Bangladesh police arrest 4 Pakistanis with bombs, fake Indian currency

Sri Lankan President Mahinda Rajapaksa has said that his government will not allow racism or religious extremism in the country and advised the Buddhist majority community to protect the rights of others.

"This is a democratic country, non-Buddhists have equal rights and freedoms. While we safeguard the rights of Buddhists, it is the responsibility of the Buddhists to be exemplary and protect the rights of others," he told a religious gathering yesterday at Weherahena in the south.

Rajapaksa said any attempt to promote religious extremism would supply ammunition to those elements who want to spread false accusations against Sri Lanka.

"All who love the motherland should shoulder the responsibility of safeguarding ethnic and religious harmony," he said.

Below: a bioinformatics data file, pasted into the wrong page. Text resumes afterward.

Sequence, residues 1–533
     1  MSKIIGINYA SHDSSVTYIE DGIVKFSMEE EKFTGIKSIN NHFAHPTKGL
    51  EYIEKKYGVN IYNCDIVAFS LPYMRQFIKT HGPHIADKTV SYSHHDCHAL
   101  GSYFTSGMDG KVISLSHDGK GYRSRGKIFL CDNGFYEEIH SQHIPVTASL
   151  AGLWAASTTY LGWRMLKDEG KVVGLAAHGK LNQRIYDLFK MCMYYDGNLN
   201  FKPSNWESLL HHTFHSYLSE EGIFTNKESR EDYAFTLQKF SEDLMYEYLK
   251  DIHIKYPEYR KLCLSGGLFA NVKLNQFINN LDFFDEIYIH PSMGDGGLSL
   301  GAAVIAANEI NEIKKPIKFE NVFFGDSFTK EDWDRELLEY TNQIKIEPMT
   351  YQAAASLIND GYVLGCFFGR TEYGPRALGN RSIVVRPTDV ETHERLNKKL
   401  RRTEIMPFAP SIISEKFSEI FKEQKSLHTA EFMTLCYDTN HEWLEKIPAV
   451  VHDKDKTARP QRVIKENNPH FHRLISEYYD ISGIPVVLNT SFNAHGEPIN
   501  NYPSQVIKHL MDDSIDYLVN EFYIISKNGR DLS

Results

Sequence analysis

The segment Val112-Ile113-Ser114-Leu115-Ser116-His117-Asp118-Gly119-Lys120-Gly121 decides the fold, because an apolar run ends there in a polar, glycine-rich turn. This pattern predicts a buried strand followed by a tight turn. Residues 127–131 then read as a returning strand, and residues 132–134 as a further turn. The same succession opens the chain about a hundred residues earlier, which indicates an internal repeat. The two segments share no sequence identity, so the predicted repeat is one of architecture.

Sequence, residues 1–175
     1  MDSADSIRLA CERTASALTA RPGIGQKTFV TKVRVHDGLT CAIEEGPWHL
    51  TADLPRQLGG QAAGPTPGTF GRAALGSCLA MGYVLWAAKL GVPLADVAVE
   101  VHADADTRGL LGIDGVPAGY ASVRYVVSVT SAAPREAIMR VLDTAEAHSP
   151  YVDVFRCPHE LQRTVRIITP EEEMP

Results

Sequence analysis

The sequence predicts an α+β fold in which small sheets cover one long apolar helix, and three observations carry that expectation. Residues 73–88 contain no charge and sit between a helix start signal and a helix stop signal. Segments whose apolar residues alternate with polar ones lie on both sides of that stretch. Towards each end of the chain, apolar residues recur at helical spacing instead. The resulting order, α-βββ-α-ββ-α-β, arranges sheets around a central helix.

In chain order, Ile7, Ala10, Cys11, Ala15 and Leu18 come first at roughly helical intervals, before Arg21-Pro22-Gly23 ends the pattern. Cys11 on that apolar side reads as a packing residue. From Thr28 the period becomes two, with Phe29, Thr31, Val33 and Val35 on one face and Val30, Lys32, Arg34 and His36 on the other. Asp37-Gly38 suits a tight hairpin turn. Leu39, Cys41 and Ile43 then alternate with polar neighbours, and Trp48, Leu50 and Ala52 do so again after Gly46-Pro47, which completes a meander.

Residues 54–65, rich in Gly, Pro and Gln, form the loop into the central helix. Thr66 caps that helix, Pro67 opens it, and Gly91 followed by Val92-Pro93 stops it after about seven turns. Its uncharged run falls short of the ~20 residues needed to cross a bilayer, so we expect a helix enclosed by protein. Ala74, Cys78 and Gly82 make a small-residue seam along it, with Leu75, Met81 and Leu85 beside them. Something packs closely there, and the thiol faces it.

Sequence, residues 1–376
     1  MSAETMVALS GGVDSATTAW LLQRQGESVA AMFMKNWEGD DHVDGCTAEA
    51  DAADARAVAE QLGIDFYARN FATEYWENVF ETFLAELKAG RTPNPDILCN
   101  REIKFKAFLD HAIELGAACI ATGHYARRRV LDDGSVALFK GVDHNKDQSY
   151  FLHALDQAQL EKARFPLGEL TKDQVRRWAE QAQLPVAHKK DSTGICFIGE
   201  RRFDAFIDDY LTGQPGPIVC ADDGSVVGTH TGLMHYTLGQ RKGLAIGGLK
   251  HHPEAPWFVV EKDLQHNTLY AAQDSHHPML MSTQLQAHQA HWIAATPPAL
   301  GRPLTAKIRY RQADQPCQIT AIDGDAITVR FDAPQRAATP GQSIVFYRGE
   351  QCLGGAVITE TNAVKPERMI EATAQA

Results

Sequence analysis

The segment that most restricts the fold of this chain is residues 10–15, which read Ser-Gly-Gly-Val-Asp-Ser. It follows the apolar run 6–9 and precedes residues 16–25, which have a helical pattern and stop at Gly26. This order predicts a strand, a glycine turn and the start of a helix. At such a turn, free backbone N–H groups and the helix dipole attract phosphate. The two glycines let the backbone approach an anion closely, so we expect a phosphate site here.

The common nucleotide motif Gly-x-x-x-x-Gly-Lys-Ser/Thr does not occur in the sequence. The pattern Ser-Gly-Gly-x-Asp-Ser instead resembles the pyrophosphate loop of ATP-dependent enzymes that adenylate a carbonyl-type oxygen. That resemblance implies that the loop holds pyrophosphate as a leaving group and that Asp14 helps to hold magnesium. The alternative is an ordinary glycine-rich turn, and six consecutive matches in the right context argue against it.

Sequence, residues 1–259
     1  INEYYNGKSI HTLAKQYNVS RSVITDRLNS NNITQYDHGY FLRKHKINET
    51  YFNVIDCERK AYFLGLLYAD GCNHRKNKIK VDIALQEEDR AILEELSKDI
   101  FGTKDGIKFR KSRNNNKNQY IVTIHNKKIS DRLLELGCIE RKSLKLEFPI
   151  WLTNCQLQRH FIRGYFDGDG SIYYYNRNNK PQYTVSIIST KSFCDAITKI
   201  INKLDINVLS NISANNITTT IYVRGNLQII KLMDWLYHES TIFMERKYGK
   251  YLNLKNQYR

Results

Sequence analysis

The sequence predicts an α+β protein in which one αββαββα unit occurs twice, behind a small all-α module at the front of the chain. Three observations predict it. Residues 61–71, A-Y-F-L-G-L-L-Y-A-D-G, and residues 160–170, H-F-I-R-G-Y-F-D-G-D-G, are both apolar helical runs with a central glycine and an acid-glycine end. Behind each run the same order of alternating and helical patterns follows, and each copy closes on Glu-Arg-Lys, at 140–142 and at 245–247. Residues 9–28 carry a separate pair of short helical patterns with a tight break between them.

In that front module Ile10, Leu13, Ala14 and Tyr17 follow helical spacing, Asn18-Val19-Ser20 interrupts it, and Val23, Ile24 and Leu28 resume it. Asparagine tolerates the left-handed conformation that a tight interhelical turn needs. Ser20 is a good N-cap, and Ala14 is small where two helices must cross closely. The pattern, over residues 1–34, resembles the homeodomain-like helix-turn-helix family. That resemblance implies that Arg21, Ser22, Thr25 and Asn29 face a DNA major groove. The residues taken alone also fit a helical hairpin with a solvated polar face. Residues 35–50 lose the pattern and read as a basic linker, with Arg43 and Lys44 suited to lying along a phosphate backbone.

His comments came after communal attacks on Muslim-owned businesses that raised religious tensions in the country.

Bodu Bala Sena, a Buddhist nationalist group, is leading a campaign which they say targets the growing Muslim extremism in the country.

Less than 10 per cent of Sri Lanka's population of 20 million are Muslim. The majority are Sinhalese Buddhist, while most Tamils are Hindu.

Rajapaksa said he appreciated the guidance received from the Buddhist clergy and their historical role in correcting the nation's path.

"Everyone has the responsibility to ensure that Sri Lanka would not be tagged as a racist and extremist nation," he added.


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